Besides the big stuff, you'll get a few quests leading to new weapons and exotics. There are three new pinnacle weapons to chase through Vanguard, Crucible, and Gambit play. And the guns you get from Gambit Prime are great! They're bundled with some new perks (see 'em all here) that make sense in and out of Prime. Multikill Clip grants increased damage after a reload based on the number of rapid kills beforehand and my favorite, One-Two Punch, increases melee damage if every pellet of a shotgun round hits an enemy. Sounds like a terrible tool for close-quarters skirmishes in Gambit and Crucible.
New gear always lights me up, which is why it's baffling the loot table is such a bottleneck for Bungie. A total vendor refresh is overdue. I'm tired of the same old Vanguard and Crucible gear, and I'm still not sure why the Year One guns and gear haven't been rolled back into Destiny's updated loot system. Gear diversity has long since dried up, and I'm so, so thirsty for more. Let's hope the final stretch of the Annual Pass is all about the gear.
The Eververse has a bundle of new cosmetic items to try for as well, or buy outright. None of them really grabbed my eye, though I'm swimming in season specific gear I promised myself I'd upgrade. Infusing is still a massive resource hog and timesink.
Lore is on the menu too. I'm told Season of the Drifter could be big for Destiny's story as we'll get to learn more about the Drifter's connection to the Nine, if that means anything to you. I'll be binging MyNameIsByf to make sure it means something to me.
A personal Drifter highlight are the introductory catch-up bounties the Drifter offers to any players that don't play Destiny every week. I haven't touched it much since Season of the Forge's steep onboarding grind sucked the life force from my mousehand, so it was an intense relief to knock out four bounties set across all the activities Destiny 2 has on tap and hit 640 in less than an hour. Longtime players that put in the time to get those light levels might be hurt, but I'm so grateful that Destiny doesn't need to be my life in order for it to be in my life. Leveling is best when you have specific gear or goals in mind anyway, not an arbitrary number that forces you burn through gear just to squeeze out every last bit of light.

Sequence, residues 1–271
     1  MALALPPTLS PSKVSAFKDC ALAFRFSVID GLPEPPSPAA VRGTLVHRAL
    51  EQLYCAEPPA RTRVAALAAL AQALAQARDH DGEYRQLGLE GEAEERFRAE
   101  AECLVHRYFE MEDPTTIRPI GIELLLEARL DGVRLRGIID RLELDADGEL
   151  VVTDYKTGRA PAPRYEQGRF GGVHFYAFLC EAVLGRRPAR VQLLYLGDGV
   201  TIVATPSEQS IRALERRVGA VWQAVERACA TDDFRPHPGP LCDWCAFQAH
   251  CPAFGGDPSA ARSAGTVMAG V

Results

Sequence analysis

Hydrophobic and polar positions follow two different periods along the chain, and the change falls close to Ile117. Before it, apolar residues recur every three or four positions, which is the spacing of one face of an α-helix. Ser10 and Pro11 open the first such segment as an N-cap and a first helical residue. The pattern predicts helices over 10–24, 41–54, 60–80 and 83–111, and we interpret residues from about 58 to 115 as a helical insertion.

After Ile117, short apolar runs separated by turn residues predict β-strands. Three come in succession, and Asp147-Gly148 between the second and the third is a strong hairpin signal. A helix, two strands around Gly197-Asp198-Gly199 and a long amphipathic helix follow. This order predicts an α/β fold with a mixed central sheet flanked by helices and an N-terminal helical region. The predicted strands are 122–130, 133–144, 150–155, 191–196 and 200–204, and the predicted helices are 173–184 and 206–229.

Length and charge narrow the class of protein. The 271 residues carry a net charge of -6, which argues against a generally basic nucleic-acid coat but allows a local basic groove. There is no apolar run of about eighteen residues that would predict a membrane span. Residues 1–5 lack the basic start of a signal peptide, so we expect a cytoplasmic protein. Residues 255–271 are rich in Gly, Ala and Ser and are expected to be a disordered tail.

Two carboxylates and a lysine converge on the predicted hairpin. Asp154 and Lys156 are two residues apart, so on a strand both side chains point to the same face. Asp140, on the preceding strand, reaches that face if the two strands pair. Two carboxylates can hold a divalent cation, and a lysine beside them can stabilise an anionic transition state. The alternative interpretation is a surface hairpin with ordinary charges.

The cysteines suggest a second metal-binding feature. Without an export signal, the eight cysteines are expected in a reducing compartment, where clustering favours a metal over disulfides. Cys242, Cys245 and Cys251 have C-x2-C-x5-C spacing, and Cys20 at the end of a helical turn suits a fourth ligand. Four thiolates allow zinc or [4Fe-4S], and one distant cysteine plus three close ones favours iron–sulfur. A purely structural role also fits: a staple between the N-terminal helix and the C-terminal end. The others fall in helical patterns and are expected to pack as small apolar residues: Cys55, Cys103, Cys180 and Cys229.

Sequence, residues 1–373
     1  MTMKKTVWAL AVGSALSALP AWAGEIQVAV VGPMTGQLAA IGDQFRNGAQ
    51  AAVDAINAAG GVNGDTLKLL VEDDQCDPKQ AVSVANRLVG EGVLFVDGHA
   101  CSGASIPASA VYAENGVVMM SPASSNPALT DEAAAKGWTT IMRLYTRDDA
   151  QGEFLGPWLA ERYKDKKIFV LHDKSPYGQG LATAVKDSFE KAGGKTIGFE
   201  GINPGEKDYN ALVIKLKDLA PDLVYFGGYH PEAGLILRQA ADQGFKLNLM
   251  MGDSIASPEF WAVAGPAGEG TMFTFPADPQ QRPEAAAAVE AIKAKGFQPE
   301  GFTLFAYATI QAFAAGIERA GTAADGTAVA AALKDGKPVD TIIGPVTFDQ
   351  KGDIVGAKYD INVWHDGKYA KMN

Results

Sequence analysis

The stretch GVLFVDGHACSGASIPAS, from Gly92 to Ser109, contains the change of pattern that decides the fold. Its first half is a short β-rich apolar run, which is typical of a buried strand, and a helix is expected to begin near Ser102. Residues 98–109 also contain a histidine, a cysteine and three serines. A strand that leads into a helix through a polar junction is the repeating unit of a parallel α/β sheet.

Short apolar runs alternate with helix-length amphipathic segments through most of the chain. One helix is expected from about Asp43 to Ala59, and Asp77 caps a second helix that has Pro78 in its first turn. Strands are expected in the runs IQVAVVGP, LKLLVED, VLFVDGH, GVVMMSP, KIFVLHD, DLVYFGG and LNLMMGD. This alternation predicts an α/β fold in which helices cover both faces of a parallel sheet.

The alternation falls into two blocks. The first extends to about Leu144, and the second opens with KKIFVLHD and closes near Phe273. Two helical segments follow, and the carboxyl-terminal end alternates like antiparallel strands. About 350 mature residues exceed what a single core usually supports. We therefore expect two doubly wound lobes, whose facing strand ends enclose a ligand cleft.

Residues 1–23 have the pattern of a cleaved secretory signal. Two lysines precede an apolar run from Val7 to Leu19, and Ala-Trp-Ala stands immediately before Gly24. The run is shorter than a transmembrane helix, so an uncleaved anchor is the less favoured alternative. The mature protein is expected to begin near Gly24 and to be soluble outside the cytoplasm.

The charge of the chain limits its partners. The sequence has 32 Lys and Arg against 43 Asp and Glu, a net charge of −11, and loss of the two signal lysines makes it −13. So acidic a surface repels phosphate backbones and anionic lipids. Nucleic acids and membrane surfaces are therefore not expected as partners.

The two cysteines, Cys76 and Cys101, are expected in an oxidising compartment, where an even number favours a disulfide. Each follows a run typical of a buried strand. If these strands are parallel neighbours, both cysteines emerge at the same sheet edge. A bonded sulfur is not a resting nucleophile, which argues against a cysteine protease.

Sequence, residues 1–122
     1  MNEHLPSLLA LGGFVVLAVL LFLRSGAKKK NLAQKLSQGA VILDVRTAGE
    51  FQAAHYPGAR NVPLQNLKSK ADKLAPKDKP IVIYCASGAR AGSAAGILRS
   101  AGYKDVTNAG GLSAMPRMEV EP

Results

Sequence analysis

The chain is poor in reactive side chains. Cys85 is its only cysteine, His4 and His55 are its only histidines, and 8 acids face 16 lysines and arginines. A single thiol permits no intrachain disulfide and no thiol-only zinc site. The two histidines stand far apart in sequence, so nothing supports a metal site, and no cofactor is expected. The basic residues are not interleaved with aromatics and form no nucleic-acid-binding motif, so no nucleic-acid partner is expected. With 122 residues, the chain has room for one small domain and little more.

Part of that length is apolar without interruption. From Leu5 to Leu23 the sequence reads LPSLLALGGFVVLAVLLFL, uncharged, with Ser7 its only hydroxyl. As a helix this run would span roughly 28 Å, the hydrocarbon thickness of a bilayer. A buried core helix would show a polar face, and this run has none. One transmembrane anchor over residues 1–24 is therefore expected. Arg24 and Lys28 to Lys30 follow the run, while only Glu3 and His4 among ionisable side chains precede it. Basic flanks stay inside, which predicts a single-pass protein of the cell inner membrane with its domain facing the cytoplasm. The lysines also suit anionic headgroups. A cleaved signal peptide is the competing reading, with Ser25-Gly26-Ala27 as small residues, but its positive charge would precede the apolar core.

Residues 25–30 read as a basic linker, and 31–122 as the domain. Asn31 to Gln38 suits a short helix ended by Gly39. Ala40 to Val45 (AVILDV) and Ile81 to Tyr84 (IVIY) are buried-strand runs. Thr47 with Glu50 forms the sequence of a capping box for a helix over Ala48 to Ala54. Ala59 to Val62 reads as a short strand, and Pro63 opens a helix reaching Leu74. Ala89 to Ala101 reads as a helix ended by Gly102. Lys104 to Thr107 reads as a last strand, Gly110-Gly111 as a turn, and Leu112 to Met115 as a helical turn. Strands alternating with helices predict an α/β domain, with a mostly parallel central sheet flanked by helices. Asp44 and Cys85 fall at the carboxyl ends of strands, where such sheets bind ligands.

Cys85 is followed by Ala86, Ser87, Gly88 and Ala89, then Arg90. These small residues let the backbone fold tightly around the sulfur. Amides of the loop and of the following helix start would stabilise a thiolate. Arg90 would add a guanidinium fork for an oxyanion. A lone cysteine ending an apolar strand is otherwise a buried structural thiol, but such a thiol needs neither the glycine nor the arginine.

And now that I'm all caught up, Destiny is back in rotation. I'm disappointed that Season of the Drifter's marquee addition feels so broken right out of the gate, but Bungie has made it clear that the Annual Pass is their first foray into becoming a more responsive live game. I expect to see it tinker with Prime throughout the season and into the next, though I hope it doesn't take too long to fix the cadence of invasions.
Either way, Season of the Drifter promises enough to get me checking in with every patch and popping into Gambit more often now that it's not a 45-minute commitment. I'm enjoying everything the Annual Pass has added, but it's all stuff I wish was in the endgame from the start. Dreams of new strikes and story arcs still dance around in my head, but the Annual Pass has the potential to be a brand new foundation to build that stuff on top of.
This isn't Destiny 2's second second coming, just a smattering of new rewards and activities that, in the usual Destiny tradition, need some refinement before they make sense as part of the greater whole.